Chile elected socialist Michelle Bachelet to be its first woman president on Sunday, making her only the second woman elected to head a South American state as Latin America cements a shift to the left.
With almost all votes counted, Bachelet, from Chile's ruling center-left coalition, won 53 percent of ballots cast while opposition candidate Sebastian Pinera took 47 percent, the government Electoral Service said.
Bachelet, 54, a medical doctor imprisoned and tortured during the 1973-1990 Augusto Pinochet dictatorship before living in exile abroad, will be the fourth consecutive president from the center-left alliance that has run Chile since 1990.
"Violence came into my life, destroying what I loved, because I was a victim of hate," Bachelet told tens of thousands of confetti-tossing supporters along the main boulevard in downtown Santiago.
"I have dedicated my life to reversing that hate and converting it into understanding, tolerance and, why not say it, love."
A former defense minister, Bachelet is only the second woman elected to head a South American nation after Janet Jagan of Guyana was chosen to succeed her husband as president in 1997 after he died.
"I feel emotional, happy. We are breathing the air of liberty and unity," said Ana Paredes, 37, a hotel employee who said she spontaneously decided to join Bachelet revelers.
The celebration extended well into the night with jubilant supporters honking their car horns and shaking giant flags.
Bachelet, an agnostic with three children from two relationships, benefited from a shift to more secular values in Chile, which until recently had a reputation as one of the region's most socially conservative countries.
She pledged during her victory speech to bring more social equality to Chile by the time her four-year term ends in 2010, with social security and equal educational opportunities for all. "I want my government to be remembered as a government for everybody," she said.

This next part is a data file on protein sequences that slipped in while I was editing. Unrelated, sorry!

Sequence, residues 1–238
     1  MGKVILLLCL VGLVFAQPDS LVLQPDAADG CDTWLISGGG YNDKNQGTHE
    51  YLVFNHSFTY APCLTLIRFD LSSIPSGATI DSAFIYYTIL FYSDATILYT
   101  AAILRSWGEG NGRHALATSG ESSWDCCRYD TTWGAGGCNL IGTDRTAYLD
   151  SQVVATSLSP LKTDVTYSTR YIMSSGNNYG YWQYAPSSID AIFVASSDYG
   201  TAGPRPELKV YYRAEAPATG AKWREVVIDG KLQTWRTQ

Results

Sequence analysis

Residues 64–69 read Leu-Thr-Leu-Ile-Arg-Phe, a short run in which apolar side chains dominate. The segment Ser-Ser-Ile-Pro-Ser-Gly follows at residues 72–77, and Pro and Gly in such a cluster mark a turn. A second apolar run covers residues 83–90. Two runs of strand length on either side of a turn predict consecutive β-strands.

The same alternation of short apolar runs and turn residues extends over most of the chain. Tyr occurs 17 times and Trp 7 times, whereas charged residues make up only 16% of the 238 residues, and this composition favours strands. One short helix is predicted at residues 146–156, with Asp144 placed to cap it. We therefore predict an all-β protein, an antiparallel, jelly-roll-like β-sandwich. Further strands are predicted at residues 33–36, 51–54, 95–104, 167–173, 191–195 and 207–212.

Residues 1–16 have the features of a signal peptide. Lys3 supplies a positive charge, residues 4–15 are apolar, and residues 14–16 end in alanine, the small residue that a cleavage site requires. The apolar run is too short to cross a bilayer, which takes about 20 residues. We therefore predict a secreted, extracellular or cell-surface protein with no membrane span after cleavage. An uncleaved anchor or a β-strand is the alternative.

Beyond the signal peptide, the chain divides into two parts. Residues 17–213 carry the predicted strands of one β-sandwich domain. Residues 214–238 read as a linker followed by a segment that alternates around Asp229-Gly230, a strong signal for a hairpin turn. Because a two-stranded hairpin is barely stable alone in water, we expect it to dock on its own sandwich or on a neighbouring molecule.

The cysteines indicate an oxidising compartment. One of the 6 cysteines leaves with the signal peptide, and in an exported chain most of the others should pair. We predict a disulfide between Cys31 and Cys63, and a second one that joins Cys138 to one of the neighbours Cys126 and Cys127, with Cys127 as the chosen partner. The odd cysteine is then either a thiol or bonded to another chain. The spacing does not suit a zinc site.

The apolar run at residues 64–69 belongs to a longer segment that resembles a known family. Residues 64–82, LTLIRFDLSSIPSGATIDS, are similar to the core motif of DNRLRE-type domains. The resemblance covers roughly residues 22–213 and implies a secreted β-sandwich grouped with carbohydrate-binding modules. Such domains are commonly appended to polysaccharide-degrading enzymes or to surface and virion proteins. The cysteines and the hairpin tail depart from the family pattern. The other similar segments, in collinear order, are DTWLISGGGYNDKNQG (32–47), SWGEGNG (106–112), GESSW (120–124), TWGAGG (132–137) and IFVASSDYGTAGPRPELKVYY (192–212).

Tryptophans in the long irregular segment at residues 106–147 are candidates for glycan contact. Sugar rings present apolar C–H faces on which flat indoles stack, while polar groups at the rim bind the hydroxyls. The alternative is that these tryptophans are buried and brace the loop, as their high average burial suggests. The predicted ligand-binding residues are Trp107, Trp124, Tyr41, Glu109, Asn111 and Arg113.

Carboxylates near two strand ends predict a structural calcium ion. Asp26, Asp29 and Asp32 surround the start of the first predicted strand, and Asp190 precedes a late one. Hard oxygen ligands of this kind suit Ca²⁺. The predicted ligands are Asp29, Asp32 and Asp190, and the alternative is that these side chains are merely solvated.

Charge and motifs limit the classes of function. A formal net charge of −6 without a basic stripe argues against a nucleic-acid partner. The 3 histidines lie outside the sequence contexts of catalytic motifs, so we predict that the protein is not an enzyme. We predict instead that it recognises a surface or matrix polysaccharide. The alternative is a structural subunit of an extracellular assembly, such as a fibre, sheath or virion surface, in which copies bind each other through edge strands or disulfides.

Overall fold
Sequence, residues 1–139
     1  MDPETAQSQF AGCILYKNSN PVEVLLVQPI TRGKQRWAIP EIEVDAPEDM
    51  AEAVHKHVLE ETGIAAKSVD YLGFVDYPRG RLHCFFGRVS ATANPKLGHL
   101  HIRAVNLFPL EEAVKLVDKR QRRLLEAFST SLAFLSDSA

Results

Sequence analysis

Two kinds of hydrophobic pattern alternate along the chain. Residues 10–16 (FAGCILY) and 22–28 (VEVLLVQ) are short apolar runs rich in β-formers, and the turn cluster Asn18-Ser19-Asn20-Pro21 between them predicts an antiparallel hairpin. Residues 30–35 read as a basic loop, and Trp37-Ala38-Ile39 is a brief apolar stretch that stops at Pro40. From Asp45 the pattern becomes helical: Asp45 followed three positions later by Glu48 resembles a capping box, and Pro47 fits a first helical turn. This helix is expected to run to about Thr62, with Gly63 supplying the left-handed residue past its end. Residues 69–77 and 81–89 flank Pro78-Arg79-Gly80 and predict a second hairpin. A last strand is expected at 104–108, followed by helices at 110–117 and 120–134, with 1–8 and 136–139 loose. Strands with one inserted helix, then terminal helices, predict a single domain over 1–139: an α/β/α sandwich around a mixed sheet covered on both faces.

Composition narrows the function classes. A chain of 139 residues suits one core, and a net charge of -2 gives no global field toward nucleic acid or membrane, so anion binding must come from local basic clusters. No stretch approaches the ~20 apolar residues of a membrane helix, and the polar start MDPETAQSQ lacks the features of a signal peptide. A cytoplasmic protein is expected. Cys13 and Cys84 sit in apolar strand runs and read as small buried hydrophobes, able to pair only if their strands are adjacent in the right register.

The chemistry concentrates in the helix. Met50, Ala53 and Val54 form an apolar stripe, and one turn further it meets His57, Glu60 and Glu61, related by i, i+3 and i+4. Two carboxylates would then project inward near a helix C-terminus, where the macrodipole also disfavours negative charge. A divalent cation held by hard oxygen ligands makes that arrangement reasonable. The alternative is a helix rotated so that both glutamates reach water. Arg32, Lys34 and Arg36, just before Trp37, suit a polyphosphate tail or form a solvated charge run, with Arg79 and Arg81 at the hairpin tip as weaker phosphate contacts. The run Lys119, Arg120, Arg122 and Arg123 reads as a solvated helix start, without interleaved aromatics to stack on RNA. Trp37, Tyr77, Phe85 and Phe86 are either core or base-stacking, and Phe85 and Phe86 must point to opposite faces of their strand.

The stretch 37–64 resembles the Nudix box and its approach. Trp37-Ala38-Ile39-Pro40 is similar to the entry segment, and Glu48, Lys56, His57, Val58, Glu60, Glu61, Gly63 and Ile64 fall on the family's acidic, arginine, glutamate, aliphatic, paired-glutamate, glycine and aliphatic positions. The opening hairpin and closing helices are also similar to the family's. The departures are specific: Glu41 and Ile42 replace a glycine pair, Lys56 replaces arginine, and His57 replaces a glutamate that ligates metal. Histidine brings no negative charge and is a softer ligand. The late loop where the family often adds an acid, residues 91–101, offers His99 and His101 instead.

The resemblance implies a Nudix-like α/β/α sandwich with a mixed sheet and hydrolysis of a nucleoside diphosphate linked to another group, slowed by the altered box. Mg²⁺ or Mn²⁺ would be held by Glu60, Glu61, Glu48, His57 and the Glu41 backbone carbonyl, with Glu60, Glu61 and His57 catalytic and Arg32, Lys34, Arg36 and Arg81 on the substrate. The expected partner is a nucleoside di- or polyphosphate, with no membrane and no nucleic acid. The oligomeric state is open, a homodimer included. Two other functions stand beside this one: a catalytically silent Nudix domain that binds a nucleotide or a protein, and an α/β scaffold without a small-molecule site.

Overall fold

Political scientist Ricardo Israel said a main challenge for her will be to bring more women into public office, and to find a place for her social-democratic coalition within the range of leftist governments taking hold in Latin America.
Israel said she would have to balance the need to maintain good global relations, particularly with the United States so Chile can keep benefiting from global free trade, while guaranteeing a steady natural gas supply from its neighbors.
A Bachelet victory consolidates a shift to the left in Latin America, where leftists now run Argentina, Brazil, Uruguay and Venezuela, some with politics more extreme than others. Socialist Evo Morales will soon take office in gas-rich Bolivia, and a leftist is favored to win Mexico's July presidential election.
"I think she will have to make one decision very soon, which is whether or not to attend the inauguration of Evo Morales, which is on January 22," Israel said, referring to traditional tensions between the two neighbors.
Venezuelan President Hugo Chavez, in a weekly broadcast on Sunday, called himself a "good friend" of Bachelet's.
Bachelet is expected to be a pragmatic leftist, following in the footsteps of popular outgoing President Ricardo Lagos, whose fiscal discipline won over many right-leaning skeptics.